A double miracle
Some of us are in Pentecost graduate school. We're seminary-educated and steeped in the church. We understand the preacher's dilemma when Easter comes early, before the earth has warmed up enough to take resurrection seriously, and we've been there, done that when it comes to the mighty rushing wind that appears seven weeks after Easter with great ecclesiastical regularity.
Others of us are in Pentecost kindergarten. We are not aware of the church year; we didn't even know the church had a year. We were not aware that, while from Christmas to Easter our story is Jesus' story—his birth, his parables, his death, at Pentecost we switch to the church's story and go until Christmas talking about ourselves and how we are the body of Christ, the way that Jesus' message rises from the dead over and over.
This story welcomes all grade levels—in fact it insists on diversity.
Usually, I am almost jaded about Pentecost: here we go again with the mighty rushing wind, I think, with people speaking in tongues, with everybody understanding everybody else. The story of the Holy Spirit arriving and birthing a church so alive that others think it's drunk can seem pretty removed from the sober reality of church life. I much prefer the winter season.
Many of us have searched in vain for a church so on fire that it looks drunk. We have found way too much sobriety in church. But something has happened to me this year when it comes to this story: I am high on it. I am de-jading and returning to a childlike wonder about Pentecost, thanks to a new interpretation by Eric Law.
Law's reading of Pentecost comes straight out of the heart of liberation theology: When the Spirit comes upon us, those of us who have power become quiet and those who do not have power speak. It's a double miracle of some speaking and others listening.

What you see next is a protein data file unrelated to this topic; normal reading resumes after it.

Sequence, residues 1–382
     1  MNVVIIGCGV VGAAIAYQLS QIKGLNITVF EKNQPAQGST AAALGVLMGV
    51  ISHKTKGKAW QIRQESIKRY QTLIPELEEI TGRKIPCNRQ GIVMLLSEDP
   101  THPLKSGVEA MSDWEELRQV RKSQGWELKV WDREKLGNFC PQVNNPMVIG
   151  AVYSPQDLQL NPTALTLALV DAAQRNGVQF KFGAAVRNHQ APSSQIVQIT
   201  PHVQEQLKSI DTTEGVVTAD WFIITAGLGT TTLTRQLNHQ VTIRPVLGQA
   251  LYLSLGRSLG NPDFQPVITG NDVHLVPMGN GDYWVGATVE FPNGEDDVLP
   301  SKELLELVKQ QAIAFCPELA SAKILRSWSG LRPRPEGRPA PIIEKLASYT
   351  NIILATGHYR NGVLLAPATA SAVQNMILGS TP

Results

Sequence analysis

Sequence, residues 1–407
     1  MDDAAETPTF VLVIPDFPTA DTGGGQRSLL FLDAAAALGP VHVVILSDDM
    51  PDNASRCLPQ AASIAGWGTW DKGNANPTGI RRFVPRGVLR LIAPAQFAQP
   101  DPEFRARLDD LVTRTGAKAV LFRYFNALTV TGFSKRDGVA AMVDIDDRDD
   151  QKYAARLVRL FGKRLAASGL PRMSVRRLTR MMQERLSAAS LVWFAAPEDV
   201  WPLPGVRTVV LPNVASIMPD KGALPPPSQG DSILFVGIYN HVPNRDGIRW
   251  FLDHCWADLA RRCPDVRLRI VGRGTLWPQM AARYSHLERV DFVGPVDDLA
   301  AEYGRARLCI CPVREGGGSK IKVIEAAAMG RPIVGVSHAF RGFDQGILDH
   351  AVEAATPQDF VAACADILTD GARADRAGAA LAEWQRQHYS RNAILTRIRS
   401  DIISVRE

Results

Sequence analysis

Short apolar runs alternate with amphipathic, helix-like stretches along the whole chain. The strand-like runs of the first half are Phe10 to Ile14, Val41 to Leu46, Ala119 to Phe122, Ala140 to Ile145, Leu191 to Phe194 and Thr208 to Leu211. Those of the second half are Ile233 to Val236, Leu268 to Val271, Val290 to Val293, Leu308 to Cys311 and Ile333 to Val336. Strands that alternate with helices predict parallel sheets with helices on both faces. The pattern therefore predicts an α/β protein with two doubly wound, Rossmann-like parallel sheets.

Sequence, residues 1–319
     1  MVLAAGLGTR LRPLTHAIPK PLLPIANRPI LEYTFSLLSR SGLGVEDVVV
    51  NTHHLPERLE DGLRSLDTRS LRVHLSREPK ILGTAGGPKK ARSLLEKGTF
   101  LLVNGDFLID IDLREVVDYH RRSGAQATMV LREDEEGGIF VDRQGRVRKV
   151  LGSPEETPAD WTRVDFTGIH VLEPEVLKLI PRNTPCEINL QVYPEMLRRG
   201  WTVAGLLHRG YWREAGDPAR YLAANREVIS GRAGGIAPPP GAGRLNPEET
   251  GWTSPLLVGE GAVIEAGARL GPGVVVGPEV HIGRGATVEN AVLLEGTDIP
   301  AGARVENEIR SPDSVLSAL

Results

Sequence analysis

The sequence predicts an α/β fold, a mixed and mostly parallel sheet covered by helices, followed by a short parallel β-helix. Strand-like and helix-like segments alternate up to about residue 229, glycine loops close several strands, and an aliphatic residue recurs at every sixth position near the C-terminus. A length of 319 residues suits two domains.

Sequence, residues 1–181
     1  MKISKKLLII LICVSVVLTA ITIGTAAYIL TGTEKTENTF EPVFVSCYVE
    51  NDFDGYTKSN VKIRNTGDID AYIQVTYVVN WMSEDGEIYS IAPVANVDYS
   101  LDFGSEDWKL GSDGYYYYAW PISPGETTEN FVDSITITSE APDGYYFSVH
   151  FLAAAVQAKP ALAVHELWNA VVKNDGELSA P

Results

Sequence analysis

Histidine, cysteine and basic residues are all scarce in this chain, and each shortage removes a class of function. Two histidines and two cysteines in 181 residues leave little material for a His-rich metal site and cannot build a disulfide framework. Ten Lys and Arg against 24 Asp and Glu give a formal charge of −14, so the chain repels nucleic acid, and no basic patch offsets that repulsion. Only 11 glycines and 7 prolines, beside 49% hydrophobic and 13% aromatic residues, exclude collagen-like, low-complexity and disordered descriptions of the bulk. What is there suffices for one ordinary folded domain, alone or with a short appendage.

You probably know this liberation yourself. It is the moment when you find your voice in a meeting and someone responds, "Aren't you new around here? Who said you could speak?" But you don't care because you aren't new anymore—you spoke. It's the moment in a family's life when everyone in charge finally hears the one who has been shut down.
Some people do most of the talking most of the time. I used to keep a personal timer at boy/girl dinner parties and announce the results at the end of the evening. In my experience, boys talk five times as much as girls in public groups. Airtime is one of the ways power is defined: We voice, we name, we define, while other people—those without the airtime—are named and defined by us.
Some people have a systemic microphone and others have none. Sexism, racism, homophobia and hate speech against immigrants arguably have their root in our desire to silence others. Systemic problems have their solution in another kind of speech, one in which each person both does some speaking and does some listening.
The double miracle has to be simultaneous to be effective—just speaking, when no one is listening, doesn't help; nor does just listening without returning to speech. Pentecost is a simultaneous, mutually reinforcing miracle of the ear and the tongue. It de-jades us, renews us and makes us look like we are drunk.
We read also this week of the dry bones rattling into life. They too drink of the cup of liberation, resurrection and the beautiful noise that rattles among us when we listen and speak fairly. This rattle of bone, the renewal of Israel, shouldn't surprise us in light of the double miracle of Pentecost. Israel renews and death is conquered once God's people all have voices.